(Un)conditional Love and Break-Ups

I think about the nature of love and loss of love every time I hear of a divorce or break-up.   If we assume it’s a given that divorce and break-ups will happen, then within this context, how do people go from “death do us part” to “I hate you and never want to see you again”?  Why not (as we used to say in middle school):  “It’s been real.  It’s been nice.  It’s been real nice… but it’s time to part ways”? (I added the last part.)

A good psychologist would undoubtedly provide a long, thorough and logical thesis on the subject of love turning to hate.  Or perhaps such transitions boil down to a few key ideas, such as failing to take responsibility for one’s own role in the relationship.  It’s hard to imagine how else one goes one extreme to the next without vilifying the other in some fashion.   It’s also hard to imagine how to demonize someone else whom I perceive to be only 50% responsible for the demise of the relationship.  However, if they’re the villain and I’m the victim, then it’s easy to go there. I might feel innocent and vindicated, but how will I learn to be more effective in my next relationship when I choose the same sort of partner?

To me, love is not connected to a switch that we flip on or off.  My love for my ex friends, boyfriends, husband and in-laws do not shut off because we’ve decided to not spend our time together any more.  And if I don’t vilify them, I think there is a tendency for them to not  vilify me (though clearly not a guarantee).  We can then part ways amicably and wish each other well on their new path.

Many people think my relationship with my ex-husband (and my boyfriend from college for that matter) is odd.  We still do an occasional holiday together, hang out together at celebrations and events, enjoy chatting and catching up around our co-parenting conversations.  We neither go out of our way to see each other, nor do we avoid each other.

I don’t know for sure how he feels, but I will always love him and have his back.  Yes, I wish he could’ve done more to help us resolve our relationship issues that led to our break-up, but he tried his best and that’s all I can ask.  I could’ve done more too, I am sure, and he seems to have forgiven me for my shortcomings as well.  In this manner, perhaps we are able to maintain our “love, honor and cherish” part of our vows, even if “death do us part” went by the wayside in terms of our daily living arrangements.  I don’t feel we’ll ever be completely separated.  After all, we do share our children, and someday we’ll share grandchildren if we are so blessed.

Continuing to honor part of our vows is some consolation from the divorce.  But having a real partner and ally out there in the world, instead of an enemy, even if it’s primarily from a co-parenting perspective, is a big plus in the good karma column.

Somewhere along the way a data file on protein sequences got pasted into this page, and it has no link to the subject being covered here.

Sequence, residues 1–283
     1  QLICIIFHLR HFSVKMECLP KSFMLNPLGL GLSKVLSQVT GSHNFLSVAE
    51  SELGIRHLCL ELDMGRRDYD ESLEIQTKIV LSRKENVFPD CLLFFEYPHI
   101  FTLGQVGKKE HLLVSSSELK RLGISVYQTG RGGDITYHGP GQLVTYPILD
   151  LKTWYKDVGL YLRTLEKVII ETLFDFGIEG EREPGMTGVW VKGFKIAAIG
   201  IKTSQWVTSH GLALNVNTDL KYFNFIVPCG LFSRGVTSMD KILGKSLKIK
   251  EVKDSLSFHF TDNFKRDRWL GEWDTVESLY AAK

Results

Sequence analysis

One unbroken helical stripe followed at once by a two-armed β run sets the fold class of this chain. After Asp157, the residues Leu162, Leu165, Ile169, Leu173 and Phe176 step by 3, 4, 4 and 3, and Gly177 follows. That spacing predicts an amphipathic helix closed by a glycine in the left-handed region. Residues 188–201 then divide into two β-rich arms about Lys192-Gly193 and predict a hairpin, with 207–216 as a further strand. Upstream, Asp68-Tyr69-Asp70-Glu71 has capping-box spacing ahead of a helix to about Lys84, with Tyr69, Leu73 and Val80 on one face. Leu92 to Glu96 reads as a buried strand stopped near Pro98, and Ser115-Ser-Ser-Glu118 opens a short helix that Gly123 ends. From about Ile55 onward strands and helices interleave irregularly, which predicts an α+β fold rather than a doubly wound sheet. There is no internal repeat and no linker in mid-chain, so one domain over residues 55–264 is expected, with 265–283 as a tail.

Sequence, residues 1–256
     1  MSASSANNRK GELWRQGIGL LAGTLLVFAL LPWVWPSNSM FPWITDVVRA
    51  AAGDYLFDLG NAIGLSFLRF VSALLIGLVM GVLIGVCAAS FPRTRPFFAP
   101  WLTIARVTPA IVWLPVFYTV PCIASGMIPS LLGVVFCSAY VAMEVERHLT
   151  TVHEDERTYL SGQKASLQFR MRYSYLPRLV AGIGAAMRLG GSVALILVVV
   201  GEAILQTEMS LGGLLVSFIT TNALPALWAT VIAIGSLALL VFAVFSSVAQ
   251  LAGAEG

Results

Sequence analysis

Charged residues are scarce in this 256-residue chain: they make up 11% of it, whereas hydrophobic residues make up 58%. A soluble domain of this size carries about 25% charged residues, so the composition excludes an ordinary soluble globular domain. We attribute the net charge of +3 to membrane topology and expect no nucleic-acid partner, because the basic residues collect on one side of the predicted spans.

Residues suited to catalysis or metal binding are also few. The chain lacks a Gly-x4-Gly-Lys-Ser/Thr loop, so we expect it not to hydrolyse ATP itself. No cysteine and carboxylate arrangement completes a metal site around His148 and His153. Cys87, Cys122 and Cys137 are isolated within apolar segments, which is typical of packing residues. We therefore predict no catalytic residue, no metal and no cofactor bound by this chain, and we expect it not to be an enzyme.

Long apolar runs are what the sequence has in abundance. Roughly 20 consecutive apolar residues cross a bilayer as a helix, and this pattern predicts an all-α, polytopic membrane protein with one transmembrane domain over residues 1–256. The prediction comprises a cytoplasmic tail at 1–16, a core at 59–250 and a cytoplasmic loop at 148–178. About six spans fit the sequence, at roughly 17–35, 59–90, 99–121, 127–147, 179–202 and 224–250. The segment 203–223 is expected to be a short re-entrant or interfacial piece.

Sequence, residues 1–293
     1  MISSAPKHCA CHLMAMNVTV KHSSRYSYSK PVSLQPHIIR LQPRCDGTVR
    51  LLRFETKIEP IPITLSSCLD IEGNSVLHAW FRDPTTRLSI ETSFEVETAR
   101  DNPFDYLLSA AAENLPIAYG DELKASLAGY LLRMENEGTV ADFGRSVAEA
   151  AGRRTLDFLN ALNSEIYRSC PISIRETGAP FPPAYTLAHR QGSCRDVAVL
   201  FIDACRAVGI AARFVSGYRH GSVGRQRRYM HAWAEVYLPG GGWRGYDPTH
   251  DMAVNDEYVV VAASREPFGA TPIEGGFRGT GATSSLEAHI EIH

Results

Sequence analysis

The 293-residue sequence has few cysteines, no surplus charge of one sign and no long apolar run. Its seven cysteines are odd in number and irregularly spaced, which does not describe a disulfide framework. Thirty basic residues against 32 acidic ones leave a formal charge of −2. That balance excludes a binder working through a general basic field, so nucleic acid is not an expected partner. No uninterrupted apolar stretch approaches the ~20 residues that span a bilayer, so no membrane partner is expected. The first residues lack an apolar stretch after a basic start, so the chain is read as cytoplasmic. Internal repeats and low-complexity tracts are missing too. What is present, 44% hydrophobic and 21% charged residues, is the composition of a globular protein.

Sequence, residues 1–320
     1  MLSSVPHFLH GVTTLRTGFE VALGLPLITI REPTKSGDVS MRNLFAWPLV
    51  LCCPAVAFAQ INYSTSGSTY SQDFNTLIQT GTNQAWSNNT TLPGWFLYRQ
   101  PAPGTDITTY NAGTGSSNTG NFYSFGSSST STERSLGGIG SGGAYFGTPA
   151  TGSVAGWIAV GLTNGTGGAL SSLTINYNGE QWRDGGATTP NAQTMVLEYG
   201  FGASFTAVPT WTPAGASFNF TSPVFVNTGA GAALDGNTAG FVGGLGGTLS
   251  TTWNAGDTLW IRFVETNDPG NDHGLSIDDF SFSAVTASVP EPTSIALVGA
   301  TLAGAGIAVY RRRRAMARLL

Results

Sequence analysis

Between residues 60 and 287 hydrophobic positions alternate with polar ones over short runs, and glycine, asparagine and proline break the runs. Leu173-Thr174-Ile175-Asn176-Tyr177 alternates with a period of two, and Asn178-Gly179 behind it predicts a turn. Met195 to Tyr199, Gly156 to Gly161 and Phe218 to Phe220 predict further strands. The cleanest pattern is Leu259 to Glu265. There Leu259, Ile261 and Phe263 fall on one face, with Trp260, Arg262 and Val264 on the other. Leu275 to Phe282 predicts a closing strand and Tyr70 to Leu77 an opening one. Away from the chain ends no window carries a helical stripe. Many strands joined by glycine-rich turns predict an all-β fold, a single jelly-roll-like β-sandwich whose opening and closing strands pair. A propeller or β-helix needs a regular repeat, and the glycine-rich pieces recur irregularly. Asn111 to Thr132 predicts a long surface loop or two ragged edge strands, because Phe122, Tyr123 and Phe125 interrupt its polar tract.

Same Problem, Different Relationship

It’s always a surprise, but it shouldn’t be.  Our friends and family, though, can see it coming a mile away.  In the meantime, you’re kicking yourself for falling for the same type of person who just broke your heart.

See, it’s tempting to think by kicking your Ex to the curb that you’ve learned your lesson and you’re going to do better the next time around.  Your new love just seems so perfect.  So different.  What you don’t remember is how your Ex also seemed so perfect when you first fell in love.

“You complete me” – Jerry Maguire

There are two parts to this equation.  First, according to relationship experts like Harville Hendricks, we fall in love with people who replicate our childhood wounds.   Since I have discussed this previously in What Every Couple Should Know Before Getting Married and Blessings of a Dysfunctional Marriage, I will just summarize to say that we fall in love because, on some level, we feel that we’ve met the person who will heal our childhood wounds.  When we realize they won’t is when the trouble, conflict and discontent occur.

The second part of this equation is your choice.  You can either blame your partner and get all your friends to agree what a horrible person she is (see A Random Act of War, Part 2), or you can heal your own childhood wounds.  By healing your wounds, you also help your partner heal hers, and thus strengthen and reinforce your relationship (see Do I Stay or Do I Go?).

“You bet on me like I bet on you” – Rod Tidwell, from Jerry Maguire

If you choose blame and denial about your role in your troubled or failed relationship – guess what? – you’ll go and repeat the cycle with your next partner.

If you don’t believe me, go out and try it.  Or maybe you have already.

“How’d I get myself into this?” – Jerry Maguire

If you’ve gone from failed relationship to failed relationship, ask yourself:  what is the common denominator?

If you’re now launching into a 20 minute answer, then maybe you’re fooling yourself.

You don’t know what it’s like to be me” – Jerry Maguire

If your answer is “me”, then you know what to do.

“Show me the money!” – Jerry Maguire

How to do it is another story, and is a major theme of this and many other blogs, books and therapy sessions.  Know that it is a life-long journey that is filled with wonderful discoveries, beauty, joy, and forgiveness.   Remember:

It’s about the journey, not the destination” – Dad

(If you need a Jerry Maguire quote the only thing I could find that works is, “If you fuck this up I’ll kill you.”  It just seemed wrong.)